×

UMass to student: Tibetan flag not allowed in commencement ceremony

  • University of Massachusetts Amherst senior Kalsang Nangpa carries a Tibetan flag in this undated image. Nangpa, 22, will not be allowed to carry the flag as part of the official 2017 UMass commencement ceremony. SUBMITTED PHOTO

  • University of Massachusetts Amherst student Kalsang Nangpa, 22, who will not be allowed to fly the Tibetan flag as part of the official 2017 UMass commencement ceremony. SUBMITTED PHOTO—SUBMITTED PHOTO



@dustyc123
Thursday, May 11, 2017

AMHERST — As a first-generation college student, 22-year-old Kalsang Nangpa was thrilled to take part in the University of Massachusetts commencement ceremony next week.

As part of the ceremony, there is a parade of flags from the different nations represented by the UMass student body. Nangpa, a public health major, was excited to carry the flag of Tibet, from which her family fled as refugees.

But that excitement soon turned to disappointment and anger.

Because of a strict policy allowing only Department of State-recognized nations in the flag procession, UMass denied Nangpa’s request to carry the Tibetan flag as part of the official ceremony.

“UMass, I thought, was very invested in social justice and committed to being inclusive, promoting diversity and all that,” Nangpa told the Gazette. “But I don’t see these values reflected in UMass’s decision.”

Though once autonomous, Tibet has been controlled by the People’s Republic of China since the 1950s, and many countries — including the United States — recognize it only as a part of China.

Campus spokesman Ed Blaguszewski said the university doesn’t want to be in a position of determining nation status, and thus maintains a policy of only allowing flags from a list of State Department-recognized nations.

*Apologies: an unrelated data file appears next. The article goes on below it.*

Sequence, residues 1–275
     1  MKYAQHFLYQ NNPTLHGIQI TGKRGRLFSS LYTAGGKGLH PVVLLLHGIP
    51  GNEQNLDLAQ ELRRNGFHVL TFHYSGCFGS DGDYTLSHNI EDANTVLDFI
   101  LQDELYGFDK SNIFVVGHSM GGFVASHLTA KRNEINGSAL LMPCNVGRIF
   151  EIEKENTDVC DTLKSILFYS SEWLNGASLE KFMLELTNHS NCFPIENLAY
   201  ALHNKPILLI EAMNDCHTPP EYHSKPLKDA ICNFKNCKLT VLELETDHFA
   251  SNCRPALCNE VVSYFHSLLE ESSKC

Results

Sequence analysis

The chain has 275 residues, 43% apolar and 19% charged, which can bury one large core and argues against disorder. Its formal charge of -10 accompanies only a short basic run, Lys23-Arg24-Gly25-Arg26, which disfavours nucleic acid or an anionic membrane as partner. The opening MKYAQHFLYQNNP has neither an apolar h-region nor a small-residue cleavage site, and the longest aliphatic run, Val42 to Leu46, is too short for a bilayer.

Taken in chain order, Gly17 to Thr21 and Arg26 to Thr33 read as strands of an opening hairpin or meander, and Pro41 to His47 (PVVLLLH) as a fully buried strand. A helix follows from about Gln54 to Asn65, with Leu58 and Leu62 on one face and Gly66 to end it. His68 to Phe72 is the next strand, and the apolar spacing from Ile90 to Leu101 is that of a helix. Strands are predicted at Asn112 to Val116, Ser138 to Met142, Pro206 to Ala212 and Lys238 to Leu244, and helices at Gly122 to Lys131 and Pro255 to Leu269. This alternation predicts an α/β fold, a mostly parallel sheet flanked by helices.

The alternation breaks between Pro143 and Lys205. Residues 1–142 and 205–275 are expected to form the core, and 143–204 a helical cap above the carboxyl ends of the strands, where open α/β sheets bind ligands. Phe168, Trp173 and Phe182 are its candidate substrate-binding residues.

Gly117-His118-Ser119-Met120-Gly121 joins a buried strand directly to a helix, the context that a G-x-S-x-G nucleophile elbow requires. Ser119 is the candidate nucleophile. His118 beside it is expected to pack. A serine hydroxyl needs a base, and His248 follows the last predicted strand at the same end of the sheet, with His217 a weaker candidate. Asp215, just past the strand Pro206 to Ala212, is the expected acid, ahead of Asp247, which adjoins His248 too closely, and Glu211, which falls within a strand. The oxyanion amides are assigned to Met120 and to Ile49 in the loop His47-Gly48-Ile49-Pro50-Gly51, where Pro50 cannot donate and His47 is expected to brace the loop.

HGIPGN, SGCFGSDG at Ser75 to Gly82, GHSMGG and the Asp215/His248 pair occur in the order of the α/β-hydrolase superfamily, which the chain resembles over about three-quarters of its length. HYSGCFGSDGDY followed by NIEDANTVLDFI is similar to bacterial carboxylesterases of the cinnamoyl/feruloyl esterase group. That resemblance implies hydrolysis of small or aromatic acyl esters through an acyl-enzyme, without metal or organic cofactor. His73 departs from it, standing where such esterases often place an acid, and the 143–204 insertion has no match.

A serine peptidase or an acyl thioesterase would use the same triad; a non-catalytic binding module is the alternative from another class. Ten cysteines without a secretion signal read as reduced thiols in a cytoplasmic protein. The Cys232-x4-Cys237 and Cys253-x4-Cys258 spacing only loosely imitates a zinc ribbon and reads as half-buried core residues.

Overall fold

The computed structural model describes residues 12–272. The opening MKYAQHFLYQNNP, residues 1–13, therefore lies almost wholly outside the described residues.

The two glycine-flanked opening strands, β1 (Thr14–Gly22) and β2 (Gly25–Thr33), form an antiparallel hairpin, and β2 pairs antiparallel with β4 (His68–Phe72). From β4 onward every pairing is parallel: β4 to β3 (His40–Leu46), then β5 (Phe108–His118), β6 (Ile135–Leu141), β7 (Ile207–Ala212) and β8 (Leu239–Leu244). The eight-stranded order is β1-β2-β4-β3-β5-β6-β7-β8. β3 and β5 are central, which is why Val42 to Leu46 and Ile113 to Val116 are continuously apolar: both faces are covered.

“While we understand and appreciate the disappointment of students who wish to carry flags representing their ethnic, cultural and national identities that are not on this list, we feel that the standard we apply to determine inclusion in our procession of flags is reasonable and equitable,” Blaguszewski wrote in a statement.

Speaking to the Gazette, Blaguszewski said students and their families at commencement are free to individually express pride in their culture and heritage, including the waving of flags in the crowd.

“That’s free speech, and we welcome that,” he said.

The university’s policy stems from two past incidents in which there was confusion over whether to let students carry their respective flags, Blaguszewski said.

The first incident involved a student from Taiwan, who was allowed to carry the Taiwanese flag in the parade.

The People’s Republic of China claims sovereignty over Taiwan as part of its “One-China” policy, and the State Department does not recognize Taiwanese independence. However, the United States does maintain strong, though explicitly non-diplomatic, ties with Taiwan, and Blaguszewski said Taiwanese students are recognized as Taiwanese in their State Department-issued documents.

Another student previously ran into problems in trying to carry the Iranian flag in the parade. Blaguszewski said university officials debated the issue because of U.S. sanctions against that country, but eventually allowed the student to carry the flag.

In the case of Tibet, however, the university has remained firm: The flag can not be part of the parade of nations.

Nangpa said she doesn’t understand that position, particularly in light of the fact that the Dalai Lama, Tibetan Buddhists’ spiritual leader, was previously invited to speak at the university.

As an activist who serves as president of the university’s Students for a Free Tibet chapter, Nangpa is not easily giving up on her desire to carry her nation’s flag in the parade.

In addition to launching a social-media campaign to overturn the decision, Nangpa has brought her case to UMass Chancellor Kumble Subbaswamy via email, and even emailed U.S. Sen. Elizabeth Warren, who will be this year’s commencement speaker.

The Tibetan flag has been banned in China since 1959, and has now become a pro-independence symbol of resistance for Tibetan people. For Nangpa, there is a connection between that history and her current desire to fly the flag at the commencement ceremony.

“I feel like the least I could do is express my identity, and represent my people and my identity, by carrying my flag,” she said.

Dusty Christensen can be reached at dchristensen@gazettenet.com.